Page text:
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3 Cost Effective Ways to Solve Metro Manila's Traffic Problem

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The Facebook page of ANC 24/7 is asking for its reader's suggestion on how to solve Metro Manila's traffic problem.


This got me thinking, "what is the best way to solve Metro Manila's traffic problem?" It's easy to make suggestions, what's hard is the implementation and the cost of implementation. So what is the the best way to solve Metro Manila's traffic problem and the most cost effective solution?

Punitive Fines
First of all, any implementation will definitely cost money, a lot of money. The cause of the traffic mess is the people themselves so it's only right that those causing the traffic problem should be fined and the fine should hurt. That way, the fines will pay for the cost of enforcing the law.
The fines should start at P500 and goes up every week if you don't pay it within 15 days. To enforce this and prevent people from ignoring the fine. It will be tied to their driver's license or car registration. They cannot renew their d…

How to Help Philippines Typhoon Victims

The NY Times has compiled a list of organizations where you can donate to help the Typhoon victims in the Philippines.

I suggest you send your donations to these confirmed and legitimate organizations only.

The other day, while grocery shopping, I was approached by a lady asking me to sign something. When I asked what it was, she told me it's to help the Typhoon victims in the Philippines.

She never asked me for a donation right away, but instead, handed me a pen and a clipboard to sign my name and on the clipboard is a small brochure with a name of an organization and some photos of some children. Only when I asked what it was for did she tell me it was for donation to the Philippines (initially, I thought it was to sign up for credit card).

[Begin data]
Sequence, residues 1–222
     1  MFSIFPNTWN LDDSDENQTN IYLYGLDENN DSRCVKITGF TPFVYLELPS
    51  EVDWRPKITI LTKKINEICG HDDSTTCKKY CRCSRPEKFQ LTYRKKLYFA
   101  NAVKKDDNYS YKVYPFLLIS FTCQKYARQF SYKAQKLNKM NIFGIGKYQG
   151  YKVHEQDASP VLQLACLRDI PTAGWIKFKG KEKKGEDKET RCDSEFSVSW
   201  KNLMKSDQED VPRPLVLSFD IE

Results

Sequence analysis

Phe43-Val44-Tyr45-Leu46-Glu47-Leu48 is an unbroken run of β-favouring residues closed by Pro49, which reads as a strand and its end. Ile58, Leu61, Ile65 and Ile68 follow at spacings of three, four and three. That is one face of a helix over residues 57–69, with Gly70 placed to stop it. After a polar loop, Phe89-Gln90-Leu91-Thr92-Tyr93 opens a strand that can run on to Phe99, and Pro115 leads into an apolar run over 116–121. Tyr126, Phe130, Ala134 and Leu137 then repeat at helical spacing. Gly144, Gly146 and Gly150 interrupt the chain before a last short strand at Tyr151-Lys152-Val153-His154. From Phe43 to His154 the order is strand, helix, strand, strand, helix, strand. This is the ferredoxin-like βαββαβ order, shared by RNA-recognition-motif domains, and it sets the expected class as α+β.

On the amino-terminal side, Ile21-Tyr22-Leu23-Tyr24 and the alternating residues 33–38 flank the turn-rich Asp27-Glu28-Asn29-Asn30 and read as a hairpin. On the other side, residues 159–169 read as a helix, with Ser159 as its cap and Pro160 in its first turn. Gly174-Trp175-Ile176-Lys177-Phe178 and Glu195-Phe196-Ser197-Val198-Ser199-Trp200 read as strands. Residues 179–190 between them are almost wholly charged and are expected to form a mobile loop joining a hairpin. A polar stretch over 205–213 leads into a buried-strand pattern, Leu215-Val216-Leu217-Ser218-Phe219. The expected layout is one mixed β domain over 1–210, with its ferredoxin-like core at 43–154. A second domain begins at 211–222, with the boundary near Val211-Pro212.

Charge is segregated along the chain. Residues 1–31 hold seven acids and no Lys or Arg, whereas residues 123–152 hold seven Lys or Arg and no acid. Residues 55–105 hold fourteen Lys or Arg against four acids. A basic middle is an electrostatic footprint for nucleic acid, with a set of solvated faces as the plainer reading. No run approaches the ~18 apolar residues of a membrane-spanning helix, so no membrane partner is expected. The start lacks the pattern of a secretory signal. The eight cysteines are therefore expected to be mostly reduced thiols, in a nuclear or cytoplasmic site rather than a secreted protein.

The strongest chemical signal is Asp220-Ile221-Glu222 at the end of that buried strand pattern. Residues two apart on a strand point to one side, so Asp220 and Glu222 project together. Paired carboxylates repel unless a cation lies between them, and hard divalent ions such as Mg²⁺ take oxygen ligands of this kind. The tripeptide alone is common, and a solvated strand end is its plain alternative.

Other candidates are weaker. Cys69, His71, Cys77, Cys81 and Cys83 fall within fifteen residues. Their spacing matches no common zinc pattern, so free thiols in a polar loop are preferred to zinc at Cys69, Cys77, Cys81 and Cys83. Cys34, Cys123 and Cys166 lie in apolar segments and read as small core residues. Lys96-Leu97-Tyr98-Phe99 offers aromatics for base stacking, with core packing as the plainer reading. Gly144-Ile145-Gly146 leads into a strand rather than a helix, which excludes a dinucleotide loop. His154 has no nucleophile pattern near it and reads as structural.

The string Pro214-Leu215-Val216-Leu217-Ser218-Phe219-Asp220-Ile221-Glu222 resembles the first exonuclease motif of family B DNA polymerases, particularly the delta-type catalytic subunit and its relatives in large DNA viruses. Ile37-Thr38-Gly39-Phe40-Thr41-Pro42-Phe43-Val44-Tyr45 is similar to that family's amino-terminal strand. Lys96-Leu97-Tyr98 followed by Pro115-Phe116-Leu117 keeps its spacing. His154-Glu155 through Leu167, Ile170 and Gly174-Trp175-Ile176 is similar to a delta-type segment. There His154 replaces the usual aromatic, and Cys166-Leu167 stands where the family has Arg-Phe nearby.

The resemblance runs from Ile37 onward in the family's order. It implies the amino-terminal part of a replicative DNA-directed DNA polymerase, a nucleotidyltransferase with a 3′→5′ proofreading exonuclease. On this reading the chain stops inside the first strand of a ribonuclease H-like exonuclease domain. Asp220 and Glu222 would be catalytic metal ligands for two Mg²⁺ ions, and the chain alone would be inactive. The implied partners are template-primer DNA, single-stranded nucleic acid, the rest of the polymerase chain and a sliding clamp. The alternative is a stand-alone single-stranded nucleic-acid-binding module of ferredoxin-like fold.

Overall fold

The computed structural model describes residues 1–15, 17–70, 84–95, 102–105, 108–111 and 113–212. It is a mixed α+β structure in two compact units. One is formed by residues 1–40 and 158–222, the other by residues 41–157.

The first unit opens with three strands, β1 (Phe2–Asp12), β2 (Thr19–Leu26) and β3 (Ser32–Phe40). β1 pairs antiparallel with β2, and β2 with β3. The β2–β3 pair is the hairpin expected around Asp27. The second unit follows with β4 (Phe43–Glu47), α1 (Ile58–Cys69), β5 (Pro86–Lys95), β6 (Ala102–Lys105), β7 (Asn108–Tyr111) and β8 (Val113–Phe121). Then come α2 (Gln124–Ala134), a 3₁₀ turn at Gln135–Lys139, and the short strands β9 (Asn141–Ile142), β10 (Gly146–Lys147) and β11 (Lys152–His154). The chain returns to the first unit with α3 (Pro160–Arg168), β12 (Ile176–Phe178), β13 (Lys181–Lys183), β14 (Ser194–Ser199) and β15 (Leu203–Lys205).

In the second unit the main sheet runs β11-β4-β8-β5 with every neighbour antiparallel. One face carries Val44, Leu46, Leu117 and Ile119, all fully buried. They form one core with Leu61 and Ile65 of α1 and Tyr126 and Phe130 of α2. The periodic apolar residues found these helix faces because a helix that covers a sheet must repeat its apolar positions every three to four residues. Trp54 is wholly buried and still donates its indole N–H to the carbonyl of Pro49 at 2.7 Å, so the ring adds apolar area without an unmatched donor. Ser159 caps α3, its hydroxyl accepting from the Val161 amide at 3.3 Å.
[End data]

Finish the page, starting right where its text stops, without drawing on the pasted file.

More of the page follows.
I have never heard of the organization before and I do not know if they are a legitimate organization. I don't even know if they were allowed by the store to be in there to solicit donations. Maybe there are legitimate, but I am always wary of people soliciting donations on the street.

Be careful who you give your money to. It is sad to think, but even at a time of crisis, there are unscrupulous organizations looking to take advantage of the situation.

Here is the link again.

http://thelede.blogs.nytimes.com/2013/11/11/how-to-help-philippines-typhoon-victims/

If you are from Canada, you can also donate to UNICEF Canada where you donation will be matched by the Government of Canada (up to $100,000) and other UNICEF Supporters (up to $25,000).

Here's the link.

https://secure3.unicef.ca/site/Donation2?2440.donation=form1&df_id=2440&s_locale=en_CA&utm_source=unicef&utm_medium=splash&utm_campaign=Haiyan

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